The cost of EPL success


MANY years ago I read a book titled "Left Foot in the Grave". Written by Torquay player-coach Garry Nelson, it chronicled a tumultuous 1996-97 season in the old third division. It was "a view from the bottom of the football league", far removed from the fantasyland of the Barclays Premier League.

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Nelson was charged with the impossible task of resuscitating a team that was, essentially, beyond hope. There were no transfer funds. When he wanted to bring a new player to the club, he had to 1) sell off useless deadwood; 2) only bring players in on loan; and 3) somehow convince those loaned players that it was worth their while fighting for his lost cause.

When you follow a Premiership team, it's easy to forget that most clubs aren't owned by ridiculously successful businesspeople, sheiks, or oil oligarchs.

Queens Park Rangers were the big spenders over the winter transfer period as they snapped up Bobby, Djibril Cisse and Nedum Onuoha, among others. But which teams have performed the best in relation to how much they spent before the season began?

Unsurprisingly, Manchester City had the most lavish outlay when recruiting new talent. Mancini spent £68m to bring Samir Nasri, Sergio Aguero, Stefan Savic, and Gael Clichy to Eastlands. The result? Sixty points after 25 matches, two more than deadly rivals United, and enjoying the view from the top of the Premier League tree.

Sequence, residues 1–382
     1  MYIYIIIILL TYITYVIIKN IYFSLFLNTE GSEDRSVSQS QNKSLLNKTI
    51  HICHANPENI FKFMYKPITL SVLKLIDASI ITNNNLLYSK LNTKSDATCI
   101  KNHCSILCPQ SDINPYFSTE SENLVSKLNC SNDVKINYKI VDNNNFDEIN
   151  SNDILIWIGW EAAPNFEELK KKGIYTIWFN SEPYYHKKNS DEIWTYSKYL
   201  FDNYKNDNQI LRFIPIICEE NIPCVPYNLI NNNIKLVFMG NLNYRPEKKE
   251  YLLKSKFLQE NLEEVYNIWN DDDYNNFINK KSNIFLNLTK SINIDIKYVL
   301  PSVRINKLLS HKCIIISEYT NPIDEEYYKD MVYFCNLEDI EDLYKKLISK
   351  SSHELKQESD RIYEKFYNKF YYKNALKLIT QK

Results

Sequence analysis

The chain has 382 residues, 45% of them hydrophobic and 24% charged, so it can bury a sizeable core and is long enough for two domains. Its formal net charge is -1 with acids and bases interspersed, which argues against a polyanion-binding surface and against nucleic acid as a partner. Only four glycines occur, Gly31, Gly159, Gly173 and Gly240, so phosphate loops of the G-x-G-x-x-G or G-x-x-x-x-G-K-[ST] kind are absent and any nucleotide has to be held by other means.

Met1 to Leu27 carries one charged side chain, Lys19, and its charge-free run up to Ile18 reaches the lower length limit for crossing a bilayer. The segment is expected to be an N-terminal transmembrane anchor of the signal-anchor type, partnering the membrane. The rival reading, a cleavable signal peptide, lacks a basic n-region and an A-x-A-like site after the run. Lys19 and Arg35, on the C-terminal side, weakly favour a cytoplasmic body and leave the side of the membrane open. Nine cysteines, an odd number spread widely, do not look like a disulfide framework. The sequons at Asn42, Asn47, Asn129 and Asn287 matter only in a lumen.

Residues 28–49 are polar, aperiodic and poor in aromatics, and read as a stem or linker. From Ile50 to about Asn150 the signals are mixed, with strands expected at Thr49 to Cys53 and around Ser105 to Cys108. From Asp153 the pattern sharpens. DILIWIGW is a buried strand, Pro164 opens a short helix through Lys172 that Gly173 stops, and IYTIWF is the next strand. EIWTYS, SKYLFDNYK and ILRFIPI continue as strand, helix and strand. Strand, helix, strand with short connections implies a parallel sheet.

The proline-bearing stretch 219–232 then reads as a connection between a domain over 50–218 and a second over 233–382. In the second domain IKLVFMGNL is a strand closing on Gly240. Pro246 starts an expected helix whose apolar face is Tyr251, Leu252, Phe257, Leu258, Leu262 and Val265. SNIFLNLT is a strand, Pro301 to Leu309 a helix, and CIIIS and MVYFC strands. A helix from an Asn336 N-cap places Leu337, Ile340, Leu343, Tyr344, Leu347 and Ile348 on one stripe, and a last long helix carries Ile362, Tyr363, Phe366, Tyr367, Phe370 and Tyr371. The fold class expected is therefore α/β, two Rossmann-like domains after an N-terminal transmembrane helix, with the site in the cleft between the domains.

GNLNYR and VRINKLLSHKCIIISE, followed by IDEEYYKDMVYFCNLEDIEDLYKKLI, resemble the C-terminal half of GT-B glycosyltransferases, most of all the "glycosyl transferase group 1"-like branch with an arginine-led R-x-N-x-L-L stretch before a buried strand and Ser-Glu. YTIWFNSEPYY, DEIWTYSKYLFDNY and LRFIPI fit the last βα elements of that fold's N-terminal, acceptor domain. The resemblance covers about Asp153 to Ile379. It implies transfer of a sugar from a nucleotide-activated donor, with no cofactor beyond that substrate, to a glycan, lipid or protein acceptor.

Obviously, City's success is not the consequence of a three month money whirlwind - it has taken time for the cash effect to translate to results. But the two teams that stand out this year, in terms of value for money, are Norwich and Swansea City.

Over the summer, the Canaries shelled out just over £8m. The costliest buy was Steve Morison from Millwall, but Paul Lambert has dealt shrewdly to bolster his newly-promoted team. He bought Daniel Ayala from Liverpool and Anthony Pilkington from Huddersfield, while using the loan system to great effect: Kyle Naughton, Bradley Johnson and James Vaughan are all temporary residents at Carrow Road. Norwich are safe from relegation and, even more surprisingly, holding onto eighth place in the table.

Swansea may be three places below Norwich, but have been even more impressive this season. Since becoming the first Welsh club to reach England's top flight since 1983, Swansea have won plenty of plaudits. They had slightly higher expenditure over the summer, around £10m, but found one of the bargains of the year in goalkeeper Michel Vorm. Vorm arrived at the Liberty Stadium for only £1.5m from Utrecht and has been the rock behind a team that has played excellent football.

Refreshingly, the positions of both teams belie their finances. In a league where it is of paramount importance to "get into the Champions League" or "stay in the top flight" to reap the benefits of television broadcasting money, these clubs are proving their worth on limited budgets.

Neither Brendan Rodgers nor Lambert has been able to invest heavily, but they have recruited astutely. Making the jump up from The Football League to the Premiership is a mammoth task, which both teams have dealt with admirably.

And as Chelsea, who parted ways with over £65m, are now finding out: money can't always buy success.

Topics:  english premier league

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